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On the very first day of my respiratory rotation, I found myself on a ward round with a trail of doctors, nurses and students following around the consultant. On our way through a particularly busy ward, we passed by a patient who was obviously very agitated and confused, and was causing quite a bit of noise in an already hectic ward. The consultant looked at me and told me to go and do something about that noise.
Just to put this in context, at this stage in my training I had only been in the hospital for about a month, just being able to get through the day without feeling out of place was a success. As I walked towards the patient with two of my colleagues, I wasn’t quite sure what I could do. Lorazepam? Call a family member? I had no idea, so I thought I would just let my colleague take the lead.
As the other medical students attempted to communicate with the patient, asking her if she was ok or if she needed anything, my mind actually wandered. I was thinking about how lonely it must be in the hospital, how scared this patient might be, but also how long this ward round was going to take…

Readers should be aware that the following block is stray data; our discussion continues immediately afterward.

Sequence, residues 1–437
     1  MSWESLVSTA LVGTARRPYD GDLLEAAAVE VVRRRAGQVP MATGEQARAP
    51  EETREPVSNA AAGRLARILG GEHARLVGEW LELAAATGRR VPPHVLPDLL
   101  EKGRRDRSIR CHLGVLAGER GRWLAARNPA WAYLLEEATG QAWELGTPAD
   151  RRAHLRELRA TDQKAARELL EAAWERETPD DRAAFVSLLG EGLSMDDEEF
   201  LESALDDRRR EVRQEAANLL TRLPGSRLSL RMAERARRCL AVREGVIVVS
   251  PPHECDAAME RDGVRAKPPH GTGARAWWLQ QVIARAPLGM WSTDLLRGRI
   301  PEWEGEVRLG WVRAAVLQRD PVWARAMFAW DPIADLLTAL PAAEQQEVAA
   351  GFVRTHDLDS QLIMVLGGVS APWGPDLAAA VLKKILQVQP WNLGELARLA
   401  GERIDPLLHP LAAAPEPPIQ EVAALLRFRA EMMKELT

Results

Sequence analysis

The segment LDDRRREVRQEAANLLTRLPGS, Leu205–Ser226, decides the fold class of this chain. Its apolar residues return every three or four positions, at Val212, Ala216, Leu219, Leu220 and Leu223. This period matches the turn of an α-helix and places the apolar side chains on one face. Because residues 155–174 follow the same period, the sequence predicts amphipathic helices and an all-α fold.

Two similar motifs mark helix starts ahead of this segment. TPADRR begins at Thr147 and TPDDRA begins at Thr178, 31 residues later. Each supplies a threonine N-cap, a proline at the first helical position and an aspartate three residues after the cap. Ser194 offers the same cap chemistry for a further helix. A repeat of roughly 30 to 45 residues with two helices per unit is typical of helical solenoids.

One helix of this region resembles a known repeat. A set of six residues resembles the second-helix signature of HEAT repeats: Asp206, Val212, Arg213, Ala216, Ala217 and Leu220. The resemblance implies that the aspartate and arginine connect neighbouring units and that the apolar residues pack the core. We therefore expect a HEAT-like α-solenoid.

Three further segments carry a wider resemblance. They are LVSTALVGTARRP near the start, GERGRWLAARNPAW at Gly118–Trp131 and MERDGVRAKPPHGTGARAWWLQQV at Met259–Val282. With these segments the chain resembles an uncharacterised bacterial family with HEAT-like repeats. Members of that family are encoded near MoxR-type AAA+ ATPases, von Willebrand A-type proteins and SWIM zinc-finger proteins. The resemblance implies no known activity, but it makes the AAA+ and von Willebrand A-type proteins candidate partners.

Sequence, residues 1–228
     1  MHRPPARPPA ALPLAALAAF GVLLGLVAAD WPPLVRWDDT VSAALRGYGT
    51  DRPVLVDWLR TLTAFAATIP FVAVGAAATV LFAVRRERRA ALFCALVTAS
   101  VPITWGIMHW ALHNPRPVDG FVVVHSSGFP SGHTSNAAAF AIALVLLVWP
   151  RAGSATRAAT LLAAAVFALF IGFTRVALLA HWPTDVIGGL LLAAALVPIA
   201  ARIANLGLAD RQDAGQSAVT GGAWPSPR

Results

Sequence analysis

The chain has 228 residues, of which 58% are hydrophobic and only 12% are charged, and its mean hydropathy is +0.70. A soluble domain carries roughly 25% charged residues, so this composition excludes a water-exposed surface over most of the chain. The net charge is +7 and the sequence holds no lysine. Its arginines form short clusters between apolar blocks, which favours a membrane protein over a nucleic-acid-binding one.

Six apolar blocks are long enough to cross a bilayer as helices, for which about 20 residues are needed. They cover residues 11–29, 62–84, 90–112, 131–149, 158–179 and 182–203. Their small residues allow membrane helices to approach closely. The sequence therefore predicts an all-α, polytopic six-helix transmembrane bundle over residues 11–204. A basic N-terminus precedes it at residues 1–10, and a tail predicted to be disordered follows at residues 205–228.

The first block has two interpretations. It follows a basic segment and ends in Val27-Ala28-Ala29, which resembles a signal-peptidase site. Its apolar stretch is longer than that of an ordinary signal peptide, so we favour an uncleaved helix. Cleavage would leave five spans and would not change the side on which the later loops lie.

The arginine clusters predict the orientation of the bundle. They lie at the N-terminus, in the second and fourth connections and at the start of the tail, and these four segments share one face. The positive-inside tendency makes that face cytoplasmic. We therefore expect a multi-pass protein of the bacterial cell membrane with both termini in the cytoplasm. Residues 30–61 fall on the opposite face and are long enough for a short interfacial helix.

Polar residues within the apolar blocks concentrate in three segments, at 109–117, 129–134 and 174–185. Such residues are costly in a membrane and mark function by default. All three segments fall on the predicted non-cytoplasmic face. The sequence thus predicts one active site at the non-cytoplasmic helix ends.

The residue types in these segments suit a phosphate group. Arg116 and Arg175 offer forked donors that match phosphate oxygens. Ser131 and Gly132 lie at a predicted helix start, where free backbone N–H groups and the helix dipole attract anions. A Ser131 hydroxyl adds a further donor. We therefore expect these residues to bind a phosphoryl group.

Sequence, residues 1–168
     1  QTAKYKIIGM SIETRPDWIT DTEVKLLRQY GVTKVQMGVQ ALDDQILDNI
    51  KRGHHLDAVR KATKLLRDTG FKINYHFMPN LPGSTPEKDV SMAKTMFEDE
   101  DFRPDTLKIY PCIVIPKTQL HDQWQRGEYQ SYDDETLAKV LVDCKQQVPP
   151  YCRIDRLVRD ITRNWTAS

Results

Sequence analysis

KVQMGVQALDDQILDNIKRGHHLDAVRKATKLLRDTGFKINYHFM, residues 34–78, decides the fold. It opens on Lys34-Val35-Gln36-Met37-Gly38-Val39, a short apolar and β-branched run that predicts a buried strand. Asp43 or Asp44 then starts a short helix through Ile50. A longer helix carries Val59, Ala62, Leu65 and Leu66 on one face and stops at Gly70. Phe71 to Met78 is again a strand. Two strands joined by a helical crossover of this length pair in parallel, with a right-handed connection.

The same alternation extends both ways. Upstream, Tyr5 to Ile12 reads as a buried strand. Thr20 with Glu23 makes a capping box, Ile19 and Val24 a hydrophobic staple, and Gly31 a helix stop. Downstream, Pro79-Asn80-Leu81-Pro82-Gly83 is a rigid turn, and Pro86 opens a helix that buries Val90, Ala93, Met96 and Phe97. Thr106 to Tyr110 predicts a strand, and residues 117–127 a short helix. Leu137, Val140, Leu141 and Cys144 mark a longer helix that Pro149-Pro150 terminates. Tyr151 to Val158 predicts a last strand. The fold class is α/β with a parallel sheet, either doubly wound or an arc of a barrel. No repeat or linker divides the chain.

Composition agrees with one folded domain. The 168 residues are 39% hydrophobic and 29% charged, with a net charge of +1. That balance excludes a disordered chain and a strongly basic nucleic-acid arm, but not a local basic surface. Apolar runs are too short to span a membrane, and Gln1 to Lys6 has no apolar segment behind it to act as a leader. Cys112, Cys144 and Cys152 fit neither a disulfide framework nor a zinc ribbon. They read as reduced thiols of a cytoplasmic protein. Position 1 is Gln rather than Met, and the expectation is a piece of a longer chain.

When I realised I had been day dreaming and came back to reality, the only thing I could do was give the patient a sympathetic smile. The patient, who had been talking erratically to my colleague, glanced in my direction and then stared at me, and I mean fully gave me her undivided attention and stopped talking.
At the time, I was actually quite intimidated and was not sure what was going to happen next. Before I could dwell on it for too long, the patient broke out into a smile and told me I was the first person she saw smiling all day. The patient quickly calmed down and proceeded to explain to us that although she had been in hospital many times, this time she was very confused. She told us how scary it was for her to wake up not knowing where she was, with everyone around her too busy to even talk to her.
The entire experience was enlightening. I was delighted by the fact that even though my clinical skills and knowledge were still being developed, I was still able to help a patient, solely by providing an attentive ear and a compassionate smile. It’s a lesson that I think will help me get through the rough patches in my medical career.